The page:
Tag Archives: Seren

Sheenagh Pugh’s ‘The Bereavement of the Lion-Keeper’

  
   
The Bereavement of the Lion-Keeper
Sheenagh Pugh
  
for Sheraq Omar
 
Who stayed, long after his pay stopped,
in the zoo with no visitors,
just keepers and captives, moth-eaten,
growing old together.
 
Who begged for meat in the market-place
as times grew hungrier,
and cut it up small to feed him,
since his teeth were gone.
 
Who could stroke his head, who knew
how it felt to plunge fingers
into rough glowing fur, who has heard
the deepest purr in the world.
 
Who curled close to him, wrapped in his warmth,
his pungent scent, as the bombs fell,
who has seen him asleep so often,
but never like this.
 
Who knew that elderly lions
were not immortal, that it was bound
to happen, that he died peacefully,
in the course of nature,
 
but who knows no way to let go
of love, to walk out of sunlight,
to be an old man in a city
without a lion.
 
 
 
from Later Selected Poems (Seren, 2009).
  
Read more about Sheenagh’s Later Selected Poems.
  
Visit Sheenagh’s website.

Pascale Petit’s The Treekeeper’s Tale

Pascale Petit has an interesting interview on her new blog.  Romanian MA student, Oana-Teodora Ionesco, interviews the French/Welsh poet about her latest collection, The Treekeeper’s Tale (Seren, 2008).
    
On her blog, Pascale has also posted photographs and accounts of her trips to Venezuela’s Lost World as well as an article about translating Yang Lian’s ‘The Valley and the End: A Story’.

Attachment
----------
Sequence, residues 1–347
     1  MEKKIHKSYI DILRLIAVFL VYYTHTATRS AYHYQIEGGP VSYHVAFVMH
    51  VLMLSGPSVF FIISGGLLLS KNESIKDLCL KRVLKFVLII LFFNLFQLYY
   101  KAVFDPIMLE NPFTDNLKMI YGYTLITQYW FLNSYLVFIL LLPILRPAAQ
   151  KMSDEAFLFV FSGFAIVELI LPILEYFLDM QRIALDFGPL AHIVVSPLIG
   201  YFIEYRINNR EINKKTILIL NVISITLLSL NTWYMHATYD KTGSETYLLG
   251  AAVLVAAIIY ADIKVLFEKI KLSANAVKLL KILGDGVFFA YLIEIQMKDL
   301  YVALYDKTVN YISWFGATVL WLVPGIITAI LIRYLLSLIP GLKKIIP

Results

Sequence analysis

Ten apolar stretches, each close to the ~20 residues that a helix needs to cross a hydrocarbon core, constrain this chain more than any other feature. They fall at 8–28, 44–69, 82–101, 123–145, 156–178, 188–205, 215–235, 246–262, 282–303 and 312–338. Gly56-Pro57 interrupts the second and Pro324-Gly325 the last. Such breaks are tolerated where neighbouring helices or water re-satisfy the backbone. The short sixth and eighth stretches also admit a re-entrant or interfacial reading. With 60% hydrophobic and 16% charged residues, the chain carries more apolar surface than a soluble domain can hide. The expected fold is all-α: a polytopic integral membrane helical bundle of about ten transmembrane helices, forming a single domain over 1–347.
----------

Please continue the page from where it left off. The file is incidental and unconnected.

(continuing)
For fans of Frida Kahlo, Pascale’s fifth collection, What the Water Gave Me – Poems after Frida Kahlo, is to be published in June 2010.
    
Read the interview by Oana-Teodora Ionescu here.
    
Visit Pascale’s blog and website.

Carrie Etter’s The Tethers

   
Cult of the Eye
Carrie Etter
 
Then I glanced over the treetops, the miles of pasture
the window shows me again and again,
and soon I began to believe the window –
I became a votary in the cult of the eye and the cult
of transparency, because after we spoke
I used a form of to be as an equal sign: you were transparent.
I gleefully forbore the scepticism of seemed.
  
Admittedly, I nearly said you appeared transparent,
but I put my ear to the window’s mantra
and asseverated your sincerity without reserve.
If this is a love poem, that’s because I’m ready to love everybody.
I’ll gaze on the miles of pasture as the sun descends
and never think I must kneel in the dampening grass –
and you’ll refrain, just for now, from remarking on my naiveté.
  
 
First published in Poetry Review and included in The Tethers
(Seren, 2009).
 
Read more about Carrie and The Tethers here.
  
Visit Carrie’s blog.
  
Purchase The Tethers at The Book Depository.

Sheenagh Pugh’s ‘Golden Boy’

  
Golden  Boy
Sheenagh Pugh
 
          25 November 2005
 
 
A white day
to go: November slipping
away underfoot,
 
rusting
or jaundiced, brittle with frost.
Your face,
 
fine-boned
even now, not drowned in flesh,
but turned to gold,
 
skin beaten out
to the thinnest leaf,
a god’s mask,
 
if gods could die
or come to grief. That sheen,
as if death
 
refined you,
burned off the slag, left only
the right metal,
 
unalloyed,
the flash of talent, the joy
speeding and weaving
 
to its goal,
baffling all challenge, laughing
at its gift.
 
We grow up:
put away childish things, stop
hoping for fame
 
or genius,
same as the rest. But just
now and then,
 
a man rises
above everyday, a man
like us,
 
and we fly
a little way on his uplift.
What if
 
he comes down
in the end to ruin?
It is the brief
 
instant aloft,
the leaving earth, that lives,
as when a boy,
 
falling,
still glowed from having once
touched the sun.
 
 
  
This poem was first published in PN Review.  It appears in Sheenagh Pugh’s current collection, Long-Haul Travellers (Seren, 2008).
  
Order your copy of Long-Haul Travellers here or here.
 
Visit Sheenagh’s website.